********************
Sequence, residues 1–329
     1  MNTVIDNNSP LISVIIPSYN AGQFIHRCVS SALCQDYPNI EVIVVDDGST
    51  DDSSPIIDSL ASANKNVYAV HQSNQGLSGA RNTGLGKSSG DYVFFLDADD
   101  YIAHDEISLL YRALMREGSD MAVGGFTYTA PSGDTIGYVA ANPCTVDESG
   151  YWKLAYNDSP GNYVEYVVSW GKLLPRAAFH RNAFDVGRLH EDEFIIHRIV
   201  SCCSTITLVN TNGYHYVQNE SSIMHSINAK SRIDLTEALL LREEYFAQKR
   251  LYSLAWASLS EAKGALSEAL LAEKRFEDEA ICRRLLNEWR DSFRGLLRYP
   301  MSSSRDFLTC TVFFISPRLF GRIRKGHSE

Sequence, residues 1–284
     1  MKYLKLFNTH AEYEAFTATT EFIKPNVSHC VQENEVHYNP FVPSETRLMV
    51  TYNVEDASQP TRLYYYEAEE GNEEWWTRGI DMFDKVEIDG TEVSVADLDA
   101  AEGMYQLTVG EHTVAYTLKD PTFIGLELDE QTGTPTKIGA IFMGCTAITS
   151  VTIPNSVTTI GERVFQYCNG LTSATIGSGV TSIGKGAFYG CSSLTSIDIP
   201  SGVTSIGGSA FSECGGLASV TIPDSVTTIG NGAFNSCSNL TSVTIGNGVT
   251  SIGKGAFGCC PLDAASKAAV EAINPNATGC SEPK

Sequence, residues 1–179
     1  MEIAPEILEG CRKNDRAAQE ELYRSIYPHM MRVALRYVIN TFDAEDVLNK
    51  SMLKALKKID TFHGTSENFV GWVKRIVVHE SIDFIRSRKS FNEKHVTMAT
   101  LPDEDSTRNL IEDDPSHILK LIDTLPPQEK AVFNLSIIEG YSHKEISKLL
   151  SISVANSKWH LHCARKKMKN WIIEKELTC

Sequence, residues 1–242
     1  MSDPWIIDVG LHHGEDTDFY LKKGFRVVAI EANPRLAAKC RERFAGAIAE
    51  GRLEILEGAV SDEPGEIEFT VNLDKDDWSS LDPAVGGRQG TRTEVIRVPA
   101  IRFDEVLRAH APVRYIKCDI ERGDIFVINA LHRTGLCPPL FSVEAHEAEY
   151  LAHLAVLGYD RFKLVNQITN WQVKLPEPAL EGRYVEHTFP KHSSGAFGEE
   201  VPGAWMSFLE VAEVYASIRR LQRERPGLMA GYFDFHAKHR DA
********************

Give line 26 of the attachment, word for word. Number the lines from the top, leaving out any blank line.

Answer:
   201  VPGAWMSFLE VAEVYASIRR LQRERPGLMA GYFDFHAKHR DA